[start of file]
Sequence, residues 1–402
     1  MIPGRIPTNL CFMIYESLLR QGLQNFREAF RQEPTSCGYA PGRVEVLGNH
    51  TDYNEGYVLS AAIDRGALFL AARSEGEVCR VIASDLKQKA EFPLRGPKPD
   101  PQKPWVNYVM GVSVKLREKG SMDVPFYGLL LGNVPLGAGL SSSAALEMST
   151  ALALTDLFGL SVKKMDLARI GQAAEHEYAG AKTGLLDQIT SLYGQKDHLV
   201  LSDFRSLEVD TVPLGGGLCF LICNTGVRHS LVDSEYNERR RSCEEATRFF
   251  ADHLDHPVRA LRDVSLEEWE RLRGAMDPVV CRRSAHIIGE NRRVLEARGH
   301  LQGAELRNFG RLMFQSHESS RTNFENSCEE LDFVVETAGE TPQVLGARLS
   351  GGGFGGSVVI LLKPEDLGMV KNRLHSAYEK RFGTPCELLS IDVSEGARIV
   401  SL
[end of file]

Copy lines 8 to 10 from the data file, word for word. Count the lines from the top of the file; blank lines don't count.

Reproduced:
   301  LQGAELRNFG RLMFQSHESS RTNFENSCEE LDFVVETAGE TPQVLGARLS
   351  GGGFGGSVVI LLKPEDLGMV KNRLHSAYEK RFGTPCELLS IDVSEGARIV
   401  SL